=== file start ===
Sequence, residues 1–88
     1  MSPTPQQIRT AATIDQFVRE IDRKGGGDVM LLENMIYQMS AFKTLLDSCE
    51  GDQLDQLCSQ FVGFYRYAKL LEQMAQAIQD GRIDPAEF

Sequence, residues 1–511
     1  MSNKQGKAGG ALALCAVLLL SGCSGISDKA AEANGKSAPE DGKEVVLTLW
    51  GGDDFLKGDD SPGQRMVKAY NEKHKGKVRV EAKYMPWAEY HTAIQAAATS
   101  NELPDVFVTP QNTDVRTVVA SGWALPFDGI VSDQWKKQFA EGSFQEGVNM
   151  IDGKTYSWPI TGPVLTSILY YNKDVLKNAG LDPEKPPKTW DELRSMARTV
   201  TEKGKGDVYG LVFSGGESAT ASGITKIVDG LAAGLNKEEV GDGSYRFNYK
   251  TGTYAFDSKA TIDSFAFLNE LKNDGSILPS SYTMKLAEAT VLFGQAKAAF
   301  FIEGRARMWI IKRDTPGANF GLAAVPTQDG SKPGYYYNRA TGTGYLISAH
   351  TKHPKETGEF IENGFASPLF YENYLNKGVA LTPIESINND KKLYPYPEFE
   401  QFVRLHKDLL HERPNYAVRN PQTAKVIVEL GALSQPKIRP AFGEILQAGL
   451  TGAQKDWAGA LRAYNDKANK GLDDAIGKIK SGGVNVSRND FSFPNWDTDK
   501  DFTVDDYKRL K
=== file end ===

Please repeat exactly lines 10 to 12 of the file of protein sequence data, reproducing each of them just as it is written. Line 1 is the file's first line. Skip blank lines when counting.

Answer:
   251  TGTYAFDSKA TIDSFAFLNE LKNDGSILPS SYTMKLAEAT VLFGQAKAAF
   301  FIEGRARMWI IKRDTPGANF GLAAVPTQDG SKPGYYYNRA TGTGYLISAH
   351  TKHPKETGEF IENGFASPLF YENYLNKGVA LTPIESINND KKLYPYPEFE